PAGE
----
Native Forest Council
|Motto||To fully preserve and protect every acre of publicly owned land in the United States|
Native Forest Council is an American environmental organization dedicated to the preservation and protection of all publicly owned natural resources from destructive practices, sales, and all resource extraction. Commercial timber sales, grazing, mining, and oil and gas extraction all contribute to the destruction and degradation of air quality, wildlife habitat, and of our wilderness areas. We believe a sound economy and a sound environment need not be incompatible, and that current land management practices are devastating to both." 
"The Native Forest Council has done more to alert the nation's public, to nationalize and move the primeval, native forest issue forward than any other organization I know of." - David Brower, former Executive Director, Sierra Club.
The Native Forest Council continues to build strong coalitions for a non-compromising economic, social, and environmental solutions. It serves as a powerful information clearing-house for the media and the forest movement. Its Forest Voice newsletter is read by activists all over the country. Hermach continues his work for the total protection of 650 million acres (2,600,000 km2) of federally owned public land, rivers, and streams. He lives in Eugene, Oregon.
The Native Forest Council was founded in 1988 by a group of professional people shocked at the extensive logging of our National Forests and convinced that little was being done to bring the destruction to public awareness.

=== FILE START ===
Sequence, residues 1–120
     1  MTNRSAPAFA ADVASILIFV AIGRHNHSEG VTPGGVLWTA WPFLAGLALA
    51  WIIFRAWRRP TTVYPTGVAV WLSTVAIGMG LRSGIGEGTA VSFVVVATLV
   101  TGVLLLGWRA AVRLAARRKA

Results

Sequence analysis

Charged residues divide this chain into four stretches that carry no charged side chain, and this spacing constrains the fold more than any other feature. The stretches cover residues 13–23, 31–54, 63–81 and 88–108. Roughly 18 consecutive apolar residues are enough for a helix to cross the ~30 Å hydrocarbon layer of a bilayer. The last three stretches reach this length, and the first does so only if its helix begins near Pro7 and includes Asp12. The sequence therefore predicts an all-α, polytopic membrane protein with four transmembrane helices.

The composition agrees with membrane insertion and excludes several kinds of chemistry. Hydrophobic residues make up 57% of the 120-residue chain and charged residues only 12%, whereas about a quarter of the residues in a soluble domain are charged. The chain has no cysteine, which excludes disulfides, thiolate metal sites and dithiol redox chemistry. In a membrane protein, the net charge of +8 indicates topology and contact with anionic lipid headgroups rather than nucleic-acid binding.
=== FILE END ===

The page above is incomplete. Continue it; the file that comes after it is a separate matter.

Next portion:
Beginning with 15 members, the NFC set out to educate Americans to the fact that their National forests were being destroyed. Today, the Native Forest Council is a non-profit, tax-exempt organization with over 2000 dues-paying members. During the late 1980s and early 2000s the NFC had distributed over 1 million copies nationally of Forest Voice newspaper; obtained 2 million signatures in support of the Native Forest Protection Act (legislation designed to protect all of the remaining National Forests) and acquired the major endorsements of Greenpeace, the National Audubon Society, chapters of the Sierra Club, and the Association of Forest Service Employees for Environmental Ethics.
The Native Forest Council has worked cooperatively with many environmental organizations on this issue including: the National Audubon Society, Greenpeace, the Sierra Club Legal Defense Fund, National Wildlife Federation, Wilderness Society, Earth Island Institute, and LightHawk.
The Native Forest Council is supported by 6 staff members and a national network of over 100 volunteers.
The organization publishes a quarterly journal, titled Forest Voice, which provides news and information about resource extraction on publicly owned lands. Forest Voice is freely available on the organization's web site.
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